The remainder of Le Gallienne’s contributions is a series of “Prose Fancies” published in installments of four (in Volumes 6 and 9), three (in Volume 8) and two (in Volumes 12 and 13), although he embedded poems into three of these pieces (in Volumes 6, 9 and 12). The fancies of Volume 6 are short essays on a range of subjects: “On Loving One’s Enemies”; “The Dramatic Art of Life”; “The Arbitrary Classification of Sex”; and “The Fallacy of a Nation.” They are modeled, in subject matter, tone, style, and use of inversion and paradox, on Oscar Wilde ’s Intentions (1891). Those in Volumes 8, 9, 12 and 13 are stories reflecting on a range of subjects and themes, some featuring the narrator’s interactions and conversations with a character called Sphinx, inspired by Julie Nørregaard (Whittingon-Egan and Smerdon, 379). The final illness (from tuberculosis) of Le Gallienne’s old schoolfellow Theodore Craig London (1867-1895) was the inspiration for the bittersweet “About the Securities” (Volume 9) (Whittington-Egan and Smerdon 95). Along with “A Seventh-story Heaven,” the pieces from Volumes 6, 8 and 9 were included in Le Gallienne’s Prose Fancies (Second Series) (1896). (Le Gallienne’s first collection of Prose Fancies had been published in 1894.) Those of Volumes 12 and 13 were republished as the first four pieces in Sleeping Beauty and Other Prose Fancies (1900).
Prose Fancies (Second Series) also contains “The Boom in Yellow,” an essay written in a somewhat flippant tone on the cultural triumph of the colour yellow and a defense of its traditionally positive associations. While admitting “no doubt there are many […] yellow disagreeables,” Le Gallienne asserts “we prefer to dwell upon the yellow blessings” (88): “Let us dream of this: a maid with yellow hair, clad in a yellow gown, seated in a yellow room, at the window a yellow sunset, in the grate a yellow fire, at her side a yellow lamplight, on her knee a Yellow Book” (87). The essay distances both the colour and the periodical from their popular association with decadence; it begins with a discussion of green and the green carnation, “which is, indeed, the badge of but a small schism of aesthetes, and not worn by the great body of the more catholic lovers of beauty” (79). Oscar Wilde, who had been tried and convicted for gross indecency with males the previous year, had been popularly associated with the green carnation in large part because he was the model for Esmé Amarinth in Robert Hichens’s The Green Carnation (1894). He was also wrongly supposed to have had a volume of The Yellow Book with him when he was arrested at the Cadogan Hotel– a legend repeated by Le Gallienne in The Romantic ’90s (164). (The book he was holding was in actuality Aphrodite, a novel by Pierre Louÿs [Hyde 154 n. 1]).
In The Romantic ’90s, Le Gallienne notes that “The Yellow Book has become the symbol of the period and the two or three writers and artists to whom the word ‘decadence’ may perhaps be applied have been taken as characteristic of a time which was far from being all ‘yellow,’ or ‘naughty,’ or ‘decadent’” (162). He argues that the contributors to the periodical, as well as those people who are associated with the 1890s, had only one thing in common – the publisher John Lane. While admitting that the quarterly “certainly struck the psychological moment, and the shock which it gave the British public […] was deep and lasting,” he also remarks that, except for Beardsley’s drawings, “it is hard to realize why it should have seemed so shocking” (226-27). The Romantic ’90s also contains Le Gallienne’s reminiscences of people associated with The Yellow Book: Lane, Lionel Johnson, John Davidson, Stephen Phillips, Henry Harland. The book closes with an appreciative reminiscence of Wilde, who had been an idol to La Gallienne from his youth and who, the author points out, is missing from the pages of The Yellow Book (242). In Le Gallienne’s judgment, Wilde “is, beyond comparison, the incarnation of the spirit of the ’90s” (269), a spirit which was for Le Gallienne progressive rather than decadent:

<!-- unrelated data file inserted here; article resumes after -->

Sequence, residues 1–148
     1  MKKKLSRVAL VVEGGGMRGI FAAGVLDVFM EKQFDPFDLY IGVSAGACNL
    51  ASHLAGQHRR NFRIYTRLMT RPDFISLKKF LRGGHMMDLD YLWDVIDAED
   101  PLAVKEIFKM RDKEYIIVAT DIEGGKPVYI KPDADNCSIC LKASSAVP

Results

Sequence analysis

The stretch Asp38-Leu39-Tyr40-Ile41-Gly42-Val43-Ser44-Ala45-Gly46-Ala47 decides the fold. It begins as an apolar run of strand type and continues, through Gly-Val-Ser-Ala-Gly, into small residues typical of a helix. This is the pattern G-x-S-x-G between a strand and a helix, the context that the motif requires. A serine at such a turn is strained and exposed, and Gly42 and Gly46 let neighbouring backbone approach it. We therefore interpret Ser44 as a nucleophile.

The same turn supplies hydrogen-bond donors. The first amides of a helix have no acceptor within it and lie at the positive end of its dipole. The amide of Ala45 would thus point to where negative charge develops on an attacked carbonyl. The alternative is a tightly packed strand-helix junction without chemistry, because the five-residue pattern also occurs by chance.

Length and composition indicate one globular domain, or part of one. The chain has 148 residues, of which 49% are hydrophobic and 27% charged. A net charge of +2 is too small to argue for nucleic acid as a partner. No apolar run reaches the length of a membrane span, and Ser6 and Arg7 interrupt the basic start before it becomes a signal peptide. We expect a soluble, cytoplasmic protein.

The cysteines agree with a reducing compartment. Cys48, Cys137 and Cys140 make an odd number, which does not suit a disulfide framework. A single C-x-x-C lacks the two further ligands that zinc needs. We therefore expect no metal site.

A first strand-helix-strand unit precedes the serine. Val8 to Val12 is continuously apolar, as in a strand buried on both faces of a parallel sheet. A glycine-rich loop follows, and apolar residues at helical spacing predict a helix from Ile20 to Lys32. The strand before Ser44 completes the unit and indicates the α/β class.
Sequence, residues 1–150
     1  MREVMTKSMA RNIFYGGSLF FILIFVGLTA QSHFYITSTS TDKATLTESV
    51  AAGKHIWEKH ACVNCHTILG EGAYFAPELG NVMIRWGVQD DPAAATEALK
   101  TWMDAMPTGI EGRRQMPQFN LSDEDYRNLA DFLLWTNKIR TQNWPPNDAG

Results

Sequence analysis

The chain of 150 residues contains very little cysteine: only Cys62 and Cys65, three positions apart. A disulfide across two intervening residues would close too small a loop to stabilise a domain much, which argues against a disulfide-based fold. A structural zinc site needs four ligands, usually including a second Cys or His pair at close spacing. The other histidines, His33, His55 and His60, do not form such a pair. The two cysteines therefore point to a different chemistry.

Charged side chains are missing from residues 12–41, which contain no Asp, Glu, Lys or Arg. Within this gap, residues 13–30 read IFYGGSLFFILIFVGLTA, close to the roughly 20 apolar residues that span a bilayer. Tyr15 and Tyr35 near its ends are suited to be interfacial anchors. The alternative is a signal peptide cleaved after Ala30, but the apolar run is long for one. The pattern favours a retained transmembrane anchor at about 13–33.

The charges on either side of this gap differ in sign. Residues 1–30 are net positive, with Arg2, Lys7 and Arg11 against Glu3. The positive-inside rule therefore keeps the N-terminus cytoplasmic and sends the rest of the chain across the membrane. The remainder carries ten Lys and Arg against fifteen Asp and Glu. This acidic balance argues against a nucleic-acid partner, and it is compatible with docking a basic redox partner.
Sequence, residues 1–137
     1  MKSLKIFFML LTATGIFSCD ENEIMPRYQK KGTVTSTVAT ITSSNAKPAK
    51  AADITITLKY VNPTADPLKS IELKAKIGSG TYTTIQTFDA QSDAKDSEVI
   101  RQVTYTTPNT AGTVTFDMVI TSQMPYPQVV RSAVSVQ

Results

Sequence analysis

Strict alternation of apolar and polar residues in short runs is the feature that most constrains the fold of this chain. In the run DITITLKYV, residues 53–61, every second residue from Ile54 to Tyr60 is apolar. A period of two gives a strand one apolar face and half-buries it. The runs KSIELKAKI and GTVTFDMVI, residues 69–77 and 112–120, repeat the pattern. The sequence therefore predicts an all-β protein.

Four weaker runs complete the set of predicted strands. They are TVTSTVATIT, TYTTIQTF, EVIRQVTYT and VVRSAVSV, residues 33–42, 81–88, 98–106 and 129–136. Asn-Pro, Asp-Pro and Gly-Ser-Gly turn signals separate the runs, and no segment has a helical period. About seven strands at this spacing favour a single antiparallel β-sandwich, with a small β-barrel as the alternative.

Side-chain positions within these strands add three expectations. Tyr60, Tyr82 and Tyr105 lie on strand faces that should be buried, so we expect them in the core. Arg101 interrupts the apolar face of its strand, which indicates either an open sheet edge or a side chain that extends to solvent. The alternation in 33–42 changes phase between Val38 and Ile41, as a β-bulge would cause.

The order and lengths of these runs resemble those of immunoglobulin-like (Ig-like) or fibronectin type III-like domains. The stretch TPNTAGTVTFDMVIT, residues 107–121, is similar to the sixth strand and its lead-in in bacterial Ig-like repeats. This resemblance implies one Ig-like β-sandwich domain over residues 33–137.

He may be said to have included Huxley and Pater and Morris and Whistler and Mr. Bernard Shaw and Mr. Max Beerbohm in the amazing eclecticism of his extravagant personality, that seems to have borrowed everything and made everything his own. Out of the 1890s chaos he emerged an astonishing, impudent microcosm. (269)
Le Gallienne looms relatively large in the literary history of the 1890s but, beyond his association with that decade, his work has largely been neglected. He was included in the anthologies compiled by Stanley Weintraub, Derek Stanford, and R.K.R.Thornton in the 1960s and 1970s, when there was a resurgence of interest in the 1890s. Osbert Burdett regards him as one of the representative poets of the “Beardsley Period” (along with Lionel Johnson, Ernest Dowson , and Arthur Symons) (93), who “embodied the public idea of the poetic personality” (186), but stresses his importance as a reader and reviewer in shaping the literary landscape of the Nineties over his achievement as a poet (poor, in Burdett’s estimation). Bernard Muddiman is similarly dismissive of Le Gallienne’s literary output, characterizing it as “watery Wildism” (58). For James G. Nelson, Le Gallienne’s work contains little of the Nineties temperament: “while affecting the pose of the aesthetic young man who worshipped Pater and Rossetti, Le Gallienne was at heart a good old-fashioned Victorian sentimentalist who liked to gush over young love and write lyrics about birds and flowers and compose odes to autumn” (215). Holbrook Jackson describes him as a “a sort of fin de siècle Leigh Hunt” (41), and commends his “bookish but always charming romances” (226), while noting that some of Le Gallienne’s works, including perhaps his most famous prose work, The Quest of the Golden Girl (1896), “have characteristics which would have made their appearance irrelevant before or after the decade in which they were published” (228). If for nothing else, Le Gallienne will be remembered as a characteristic personality of the 1890s who played a significant role at the Bodley Head during its formative years and was a major contributor to the defining periodical of the Nineties, The Yellow Book.
© 2013, Jason Boyd, Ryerson University.
Jason Boyd is Assistant Professor of English at Ryerson University.
|MLA citation:||Jason, Boyd. "Richard Le Gallienne." The Yellow Nineties Online . Ed. Dennis Denisoff and Lorraine Janzen Kooistra. Ryerson University, 2013. Web. [Date of access] http://1890s.ca/HTML.aspx?s=legallienne_bio.html|